Distributive policy

Jean announces political steps to become Prime Minister

Brian Jean is officially running for Prime Minister and has announced several policy measures he would take if elected.

The Fort McMurray-Lac La Biche MP’s candidacy to become Alberta leader was made official on June 16 and since the announcement he has proposed two policy measures.

The first would be the requirement to have automatic judicial inquiries after the fact whenever a declared emergency “significantly interferes with the rights and freedoms of Albertans.”

“I think we need to completely rewrite the various emergency laws we have in Alberta to make sure we never again take the rights of Albertans lightly,” Jean said in a press release.

“A post-COVID investigation is something many Albertans want and it will help restore trust, but my proposal draws lessons learned from the past two years and reassures Albertans that we will have measures in place to protect freedoms at home. ‘coming. An approach like this will lead to more clarity, more transparency and more accountability.

The other would look at a process to reduce distribution and transmission charges on Albertans’ electricity bills, by taking investment income from saved future surpluses and using it to pay for those costs. Jean called for long-term relief by changing Alberta’s regulatory approval policies to factor distribution and transmission costs into the decision to approve the location of new power generation projects.

“Private sector economists have projected that Alberta could have surpluses in the order of $10 billion a year for each of the next few years. If these excess funds are segregated, the investment returns of this money would be used to reduce the high transmission and distribution costs that every residential ratepayer in Alberta faces on their electricity bills for years to come,” Jean said in a statement.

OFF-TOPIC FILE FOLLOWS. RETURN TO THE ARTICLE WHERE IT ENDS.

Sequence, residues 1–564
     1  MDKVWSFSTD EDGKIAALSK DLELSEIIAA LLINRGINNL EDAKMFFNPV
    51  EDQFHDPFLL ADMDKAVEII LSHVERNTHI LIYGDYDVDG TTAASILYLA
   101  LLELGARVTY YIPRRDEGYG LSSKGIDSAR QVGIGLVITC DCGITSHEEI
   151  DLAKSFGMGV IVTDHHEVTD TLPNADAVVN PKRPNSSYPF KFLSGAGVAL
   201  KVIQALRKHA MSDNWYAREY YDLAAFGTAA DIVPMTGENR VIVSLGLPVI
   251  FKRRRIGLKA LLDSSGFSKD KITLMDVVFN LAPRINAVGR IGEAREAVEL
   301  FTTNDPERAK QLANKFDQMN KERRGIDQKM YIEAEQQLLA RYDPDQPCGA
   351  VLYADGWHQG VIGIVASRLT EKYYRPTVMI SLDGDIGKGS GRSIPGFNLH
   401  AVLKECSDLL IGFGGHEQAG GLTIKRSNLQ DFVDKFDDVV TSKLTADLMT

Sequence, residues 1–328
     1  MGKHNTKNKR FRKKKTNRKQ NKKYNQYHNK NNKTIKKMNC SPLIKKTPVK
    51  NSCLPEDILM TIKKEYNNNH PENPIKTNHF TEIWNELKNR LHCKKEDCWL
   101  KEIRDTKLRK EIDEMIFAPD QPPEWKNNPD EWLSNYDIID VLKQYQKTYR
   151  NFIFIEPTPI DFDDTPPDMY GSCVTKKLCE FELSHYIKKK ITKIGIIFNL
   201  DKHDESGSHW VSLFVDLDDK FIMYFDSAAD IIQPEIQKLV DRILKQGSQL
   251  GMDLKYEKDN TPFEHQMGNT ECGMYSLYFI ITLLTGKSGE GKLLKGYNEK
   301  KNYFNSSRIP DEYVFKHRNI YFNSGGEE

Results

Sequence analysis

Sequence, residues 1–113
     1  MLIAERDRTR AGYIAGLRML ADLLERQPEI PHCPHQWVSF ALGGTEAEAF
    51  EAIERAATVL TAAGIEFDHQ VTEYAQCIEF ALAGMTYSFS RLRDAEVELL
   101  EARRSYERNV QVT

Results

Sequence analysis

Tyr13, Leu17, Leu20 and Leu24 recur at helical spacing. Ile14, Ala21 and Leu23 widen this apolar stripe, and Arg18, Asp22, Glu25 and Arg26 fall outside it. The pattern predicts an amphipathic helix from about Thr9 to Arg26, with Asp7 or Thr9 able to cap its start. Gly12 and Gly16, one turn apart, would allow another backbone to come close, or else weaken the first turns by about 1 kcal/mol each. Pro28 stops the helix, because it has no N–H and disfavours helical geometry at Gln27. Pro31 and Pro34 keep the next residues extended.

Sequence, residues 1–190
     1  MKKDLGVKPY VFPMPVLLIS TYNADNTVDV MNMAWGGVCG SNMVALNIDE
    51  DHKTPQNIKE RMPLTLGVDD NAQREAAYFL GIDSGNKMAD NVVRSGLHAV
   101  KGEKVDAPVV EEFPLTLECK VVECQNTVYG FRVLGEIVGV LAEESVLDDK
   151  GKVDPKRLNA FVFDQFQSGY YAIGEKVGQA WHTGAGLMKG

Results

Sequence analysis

He was joined at the press conference by MPP David Hanson (Bonnyville-Cold Lake-St. Paul) who has spoken on this issue in the Alberta legislature for months. “No Albertans have called my office about the actual cost of electricity; they know that the real costs of electricity are beyond our control. What they can’t afford are the extra costs of transportation, distribution and taxes that make up the bulk of their bill,” Hanson said.

Jean is one of eight candidates who have declared their intention to run for the leadership.

To officially enter the UCP, a candidate must submit a comprehensive questionnaire to be reviewed by the Leadership Election Committee, along with an entry fee of $150,000 to cover the cost of organizing the election and a refundable compliance deposit of $25,000. Candidates must also provide a nomination petition with at least 1,000 signatures from Party members, including 200 from each of the party’s five provincial regions.

The deadline to participate in the race is Friday, July 20.

A new leader will be chosen on Thursday, October 6 through a mail-in ballot with the option to vote in person at any of five polling stations across the province.

Other candidates who have declared themselves include former Wildrose leader Danielle Smith, former UCP Finance Minister Travis Toews, former Minister of Culture, Multiculturalism and Status of Women Leela Aheer, Independent MP for Central Peace-Notley Todd Loewen, Transport Minister Rajan Sawhney, former Children’s Services Minister Rebecca Schulz and Amisk Mayor Bill Rock.

Federal MP Michelle Rempel-Garner also hinted that she would enter the race in recent days.